Most ptosis is normal but unfortunately cannot be prevented in all cases. If you have sudden onset ptosis, or painful ptosis, contact your optometrist or GP as soon as possible. There are a number of eyelid problems that can affect one or both eyes, however, most eyelid problems are harmless.1 Find out more about them here.1
What is ptosis?
Ptosis, is the common name given to sagging, heavy or droopy upper eyelids and can affect one or both eyes. You might notice a drooping eyelid from birth, but it is more common in later life.
Depending on the severity of the condition, droopy eyelids can reduce vision – this depends on how much it comes across your vision. Ptosis can be permanent but in most cases, it will resolve naturally, with surgery or treatment. Other conditions such as dermatochalasis can cause a similar effect but this is usually due to the skin above the eyelid drooping down over the eye.2
What are the symptoms of ptosis?
The main symptom of a droopy eyelid, is that one or both of the upper lids will sag or droop. This can cause other symptoms to develop:
- Loss of vision
- Dry eyes
- Watery eyes
- Pain around the eyes
Your optometrist may refer you to an eye doctor to investigate persistent or sudden onset ptosis, to ensure that there is no underlying condition. If you experience any of these symptoms, it is best to go get your eyes checked by an optometrist or GP.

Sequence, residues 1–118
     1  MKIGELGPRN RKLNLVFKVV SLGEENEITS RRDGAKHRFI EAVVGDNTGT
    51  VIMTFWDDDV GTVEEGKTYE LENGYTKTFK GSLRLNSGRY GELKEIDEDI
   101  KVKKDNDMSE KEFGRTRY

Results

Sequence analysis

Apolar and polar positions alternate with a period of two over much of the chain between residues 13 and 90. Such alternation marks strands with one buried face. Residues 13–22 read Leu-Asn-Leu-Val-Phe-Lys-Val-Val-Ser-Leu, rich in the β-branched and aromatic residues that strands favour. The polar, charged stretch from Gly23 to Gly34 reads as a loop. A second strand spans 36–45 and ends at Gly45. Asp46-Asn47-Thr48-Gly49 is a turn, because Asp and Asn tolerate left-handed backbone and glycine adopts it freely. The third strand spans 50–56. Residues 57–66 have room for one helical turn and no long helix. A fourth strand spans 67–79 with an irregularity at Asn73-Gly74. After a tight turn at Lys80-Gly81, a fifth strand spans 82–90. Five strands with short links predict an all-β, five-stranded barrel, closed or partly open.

What causes ptosis?
Anyone can get ptosis, however it is more common in older adults, as it can happen during the natural ageing process. The muscle in the eye responsible for lifting the eyelid, stretches as you age, and can cause the eyelid to fall. Some people are born with ptosis, however this is rare. Ptosis can also be caused by trauma, high stress and neurological issues.
Ptosis in children
When a child has a droopy eyelid from birth it is called congenital ptosis and occurs when there is a problem with the levator muscle that raises the upper eyelid.
One type of congenital ptosis is Marcus Gunn ‘jaw winking’ syndrome. This is where the eyelid appears to lift when the child’s jaw moves due to an abnormal connection of the upper eyelid and nerve that helps to move the jaw. It’s often noticed when a baby is chewing or feeding.3
How do you treat ptosis?
The cause and severity of your droopy eyelid will determine the ptosis treatment but normally surgery can rectify the problem. Your optometrist or GP can explain the best form of treatment for you.
What is ptosis surgery?
Surgery for ptosis usually involves first shortening the tendon and muscle that raise your eyelid and then reattaching it to your eyelid using stitches. This will lift your eyelid, remedying your drooping eyelid but also brightening your vision and improving your overall view.
How can I prevent ptosis?
You can’t really prevent gradual ptosis but ensuring you have an eye test every two years may spot changes early so the condition can be managed. Noticeable or sudden onset ptosis or lid problems should be investigated swiftly by your optometrist or GP.
- NHS, ‘Eyelid problems’, NHS (2020) [online] [Available at: https://www.nhs.uk/conditions/eyelid-problems/]
- Science Direct, ‘Dermatochalasis’, Science Direct [online] [Available at: https://www.sciencedirect.com/topics/medicine-and-dentistry/dermatochalasis]
- NHS, ‘Marcus Gunn (Jaw-winking) Syndrome’, Hull University Teaching Hospitals NHS (2020) [online] [Available at: https://www.hey.nhs.uk/patient-leaflet/marcus-gunn-jaw-winking-syndro
- Robert M Pascuzzi and Juliet L King, ‘The Dropped Brow Sign in Psychogenic Pseudo-Myasthenic Ptosis’, Insights in Ophthalmology (2017) [online] [Available at: https://www.imedpub.com/articles/the-dropped-brow-sign-in-psychogenic-pseudomyasthenic-ptosis.php?aid=18519]